HEALTH BRIEFING: Advocates Target Home Care for BBB Revival

Groups and legislators advocating for Democrats’ internal agenda, from clean energy to healthcare, are renewing campaigns tailored to their target audience: Joe Manchin.

Working groups recently held a teleconference for West Virginia residents to talk about the need to expand the supply of home care. The International Union of Service Employees recorded a robust conversation with actress Jennifer Garner, a native of the state, urging West Virginia residents to call their senators and ask for action on home care. And advocates for childcare gathered in front of the Capitol last week in favor of Sens’s proposal. Patty Murray (D-Wash.) And sen. Tim Kane (D-Va.), Which would increase funding for states to care for children and early childhood education.

Many of the Democrats’ priorities are unlikely to receive enough bipartisan support. To implement the favored measures in a broad package by a simple majority, they must persuade the West Virginia senator to get involved by addressing his concerns about rising inflation and the problems facing his home state.

The effort comes as Manchin and the leader of the majority Chuck Schumer (DN.Y.) resumed negotiations on a reconciliation bill. They met again Wednesday to discuss a potential deal, according to an anonymous anonymous spokesman. Read more from Zack S. Cohen and Alex Ruof.

Also on the radars of lawmakers

Friday hearings:

  • Senate Indian Affairs Committee held a Friday session to hear the cannabis industry in Native American tribes and communities, “shaping discussions over national cannabis reform legislation,” according to a statement.
  • BGOV calendar: See the whole week of events.

Romney criticizes Biden’s team in talks with Covid Aid: sen. Mitt Romney (R-Utah) said the Biden administration had given him “apparently false” information about its ability to buy more vaccines against Covid with existing funding earlier this year, and said his relationship with the White House was “shaken”. Romney was the lead negotiator for Covid’s $ 10 billion aid package, which remains stalled after Republicans tried to link immigration policy to legislation, Alex Ruof said.

He told Biden administration officials at a Senate health, education, labor and pensions committee hearing Thursday that he would not have backed his support for the package if the White House had been clearer about the funds available. This month, the administration transferred about $ 10 billion to coronavirus supplies and other next-generation vaccines and antivirals.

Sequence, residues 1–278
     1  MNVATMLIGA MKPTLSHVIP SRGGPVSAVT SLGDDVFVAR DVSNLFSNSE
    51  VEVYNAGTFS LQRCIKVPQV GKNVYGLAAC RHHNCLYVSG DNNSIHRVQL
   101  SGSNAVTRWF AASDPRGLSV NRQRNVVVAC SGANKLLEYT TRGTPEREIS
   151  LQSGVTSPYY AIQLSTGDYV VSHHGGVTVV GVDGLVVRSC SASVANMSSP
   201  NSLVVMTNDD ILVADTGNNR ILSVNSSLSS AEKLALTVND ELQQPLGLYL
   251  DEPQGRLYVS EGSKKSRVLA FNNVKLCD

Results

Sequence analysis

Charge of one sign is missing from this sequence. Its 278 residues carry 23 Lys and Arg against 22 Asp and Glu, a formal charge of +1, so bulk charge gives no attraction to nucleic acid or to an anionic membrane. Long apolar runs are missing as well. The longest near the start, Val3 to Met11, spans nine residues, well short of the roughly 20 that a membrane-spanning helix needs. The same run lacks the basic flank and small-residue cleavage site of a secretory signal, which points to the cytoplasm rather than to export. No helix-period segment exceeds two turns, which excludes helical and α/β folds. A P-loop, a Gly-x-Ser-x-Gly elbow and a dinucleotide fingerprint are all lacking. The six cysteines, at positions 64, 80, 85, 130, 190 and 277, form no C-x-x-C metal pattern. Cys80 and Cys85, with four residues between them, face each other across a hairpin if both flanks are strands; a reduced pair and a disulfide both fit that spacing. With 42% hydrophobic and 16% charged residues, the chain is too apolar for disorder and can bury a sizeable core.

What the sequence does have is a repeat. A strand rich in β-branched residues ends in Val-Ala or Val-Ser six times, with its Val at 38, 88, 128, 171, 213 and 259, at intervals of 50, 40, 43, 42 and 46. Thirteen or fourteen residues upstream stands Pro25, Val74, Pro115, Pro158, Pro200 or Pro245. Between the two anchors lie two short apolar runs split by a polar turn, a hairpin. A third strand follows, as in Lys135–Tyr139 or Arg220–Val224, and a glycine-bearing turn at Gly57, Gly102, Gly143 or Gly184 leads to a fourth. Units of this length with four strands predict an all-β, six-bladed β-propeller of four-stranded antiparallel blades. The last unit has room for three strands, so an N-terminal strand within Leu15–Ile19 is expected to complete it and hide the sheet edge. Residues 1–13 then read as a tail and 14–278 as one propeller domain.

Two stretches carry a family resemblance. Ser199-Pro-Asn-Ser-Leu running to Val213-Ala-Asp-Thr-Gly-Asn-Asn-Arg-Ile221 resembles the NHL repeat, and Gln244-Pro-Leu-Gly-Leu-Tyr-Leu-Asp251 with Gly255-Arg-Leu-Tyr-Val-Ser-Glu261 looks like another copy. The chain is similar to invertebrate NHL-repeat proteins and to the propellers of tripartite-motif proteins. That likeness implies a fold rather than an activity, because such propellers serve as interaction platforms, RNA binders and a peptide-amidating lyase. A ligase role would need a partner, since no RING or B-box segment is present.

Floor of the house next week: The Chamber plans to vote on bills to end the special refusal that doctors must prescribe for the treatment of substance use disorders (HR 7666); to direct the federal government to collect voluntary data on sexual orientation and gender identity to measure discrimination (HR 4176); the creation of a new agency focused on developing medical breakthroughs for diseases such as cancer (HR 5585), improving mental health care for veterans (HR 6411); and provide treatment to veterinarians who have been exposed to toxic combustion pits (HR 3967) – adopted by the Senate yesterday – according to the majority leader Hoyer’s walls (D-Md.).
Connected:

Industry and regulation

The FTC directs pharmacy agent fees: High drug rebates that pharmacy managers demand from drug manufacturers could violate federal competition laws if they stifle patient access, according to a policy statement unanimously adopted by the FTC on Thursday. The Federal Trade Commission has voted to issue a scheme on how it will use existing competition and consumer protection laws to investigate rebates and fees paid by drug manufacturers to pharmacy managers who administer prescription drug benefits. Read more from Celine Castroon.